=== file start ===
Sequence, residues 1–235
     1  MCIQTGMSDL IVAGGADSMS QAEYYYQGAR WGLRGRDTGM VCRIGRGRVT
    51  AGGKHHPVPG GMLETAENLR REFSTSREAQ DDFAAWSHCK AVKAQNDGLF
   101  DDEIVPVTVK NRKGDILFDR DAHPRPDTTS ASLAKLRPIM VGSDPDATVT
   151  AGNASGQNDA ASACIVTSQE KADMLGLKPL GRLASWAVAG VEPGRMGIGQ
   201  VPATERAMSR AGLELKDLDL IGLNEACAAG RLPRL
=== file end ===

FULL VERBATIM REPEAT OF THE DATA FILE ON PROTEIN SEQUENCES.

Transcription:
Sequence, residues 1–235
     1  MCIQTGMSDL IVAGGADSMS QAEYYYQGAR WGLRGRDTGM VCRIGRGRVT
    51  AGGKHHPVPG GMLETAENLR REFSTSREAQ DDFAAWSHCK AVKAQNDGLF
   101  DDEIVPVTVK NRKGDILFDR DAHPRPDTTS ASLAKLRPIM VGSDPDATVT
   151  AGNASGQNDA ASACIVTSQE KADMLGLKPL GRLASWAVAG VEPGRMGIGQ
   201  VPATERAMSR AGLELKDLDL IGLNEACAAG RLPRL